A View Across the Life Span of Counseling Psychology
Abstract and Keywords
It has been said of psychology, as a discipline, that it has a long past and a short history. This contrast refers to the roots of psychology in philosophy, medicine, and education that date back over several hundred years—and in the case of philosophy and medicine, several thousand. Counseling psychology has deep roots, as well, although its technical birth was in 1952. At that time, the Division of Personnel and Guidance of the American Psychological Association renamed itself the Division of Counseling Psychology. In this chapter, we consider three domains in which our specialty has begun with deep “roots” and has “leafed” out into new ways of thinking about our work with clients and our broader roles in the communities in which we live. These three domains are a focus on building strengths; a holistic, or systems, perspective; and a collaborative, patient-centered model. We trace the development of these domains, noting where, in other parts of this volume, more complete discussion can be found, and we highlight their current explications.
Counseling psychology, as a specialty, officially dates to 1952, when the Division of Counseling and Guidance of the American Psychological Association changed its name to the Division of Counseling Psychology, thus formalizing a specialty in psychology that had increasingly differentiated itself from related psychological specialties to form a unique identity. As discussed in many chapters that follow, counseling psychology is one of three original specialties in psychology (the others being clinical psychology and school psychology). Although these specialties differed in their target client population and the activities engaged in by practitioners identified with the specialty, they shared a commitment to client welfare, to the application of scientific knowledge to assessment and intervention, and to training and education. Their differences, however, are significant and continue to this day.
Readers will find this Handbook divided into four parts. The first part pertains to foundational knowledge and methods. These chapters concern themselves with the basic interactions of counseling—the counseling relationship, a counselor’s assessment of a client, the counselor’s choice of interventions—and how theory, research, and professional context influence these interactions over time. Thus, this part covers those critical issues of methodology, ethics and professional issues, and training and supervision that are foundational to all chapters that follow.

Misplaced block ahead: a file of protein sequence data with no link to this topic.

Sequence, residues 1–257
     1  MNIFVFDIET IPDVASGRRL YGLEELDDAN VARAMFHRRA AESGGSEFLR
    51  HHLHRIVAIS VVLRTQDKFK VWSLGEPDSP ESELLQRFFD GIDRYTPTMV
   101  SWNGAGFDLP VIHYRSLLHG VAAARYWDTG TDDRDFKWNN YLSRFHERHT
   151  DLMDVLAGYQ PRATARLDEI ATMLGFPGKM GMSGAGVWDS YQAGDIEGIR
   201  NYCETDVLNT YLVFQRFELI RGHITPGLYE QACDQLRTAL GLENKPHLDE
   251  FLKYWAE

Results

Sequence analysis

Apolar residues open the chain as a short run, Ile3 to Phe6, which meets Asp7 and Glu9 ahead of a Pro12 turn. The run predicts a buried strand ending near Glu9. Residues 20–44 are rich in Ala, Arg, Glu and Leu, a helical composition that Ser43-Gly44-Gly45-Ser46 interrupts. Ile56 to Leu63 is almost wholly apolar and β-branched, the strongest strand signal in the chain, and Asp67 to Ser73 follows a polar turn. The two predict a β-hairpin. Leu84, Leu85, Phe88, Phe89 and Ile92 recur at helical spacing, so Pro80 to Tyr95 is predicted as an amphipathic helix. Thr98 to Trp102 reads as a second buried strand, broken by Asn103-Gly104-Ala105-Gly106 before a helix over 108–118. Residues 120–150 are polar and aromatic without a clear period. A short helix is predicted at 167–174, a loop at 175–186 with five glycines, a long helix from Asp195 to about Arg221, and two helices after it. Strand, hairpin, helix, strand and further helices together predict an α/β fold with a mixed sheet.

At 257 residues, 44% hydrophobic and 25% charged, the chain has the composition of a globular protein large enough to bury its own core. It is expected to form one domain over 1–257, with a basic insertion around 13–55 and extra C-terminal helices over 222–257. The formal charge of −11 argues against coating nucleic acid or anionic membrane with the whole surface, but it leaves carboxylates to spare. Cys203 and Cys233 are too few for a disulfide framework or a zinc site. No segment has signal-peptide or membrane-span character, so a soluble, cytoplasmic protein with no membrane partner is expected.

From its inception, counseling psychology has emphasized three themes. The first theme is that psychologists work toward a goal larger than that of removing pathology. Rather, counseling psychologists promote positive health through the identification and enhancement of constructive aspects of human functioning, both personal (p. 4) strengths and available resources. The second theme is that clients are best understood in a systems perspective: When conceptualizing persons, counseling psychologists focus on interacting variables, including developmental stage, the person–environment fit, and external systems acting on the person, including family and community. The third theme is that counseling psychologists are collaborative: They are client-centered, using shared relationships, sensitive to the multicultural components of the interaction, to enhance client welfare and outcomes.
In this chapter, each of these themes will be considered in more detail. The purpose is to define a context for the chapters that follow. By considering both the earliest and the most recent iterations of these themes, we hope that the reader will gain a wider view in which to locate the general and specific information contained in the Handbook chapters.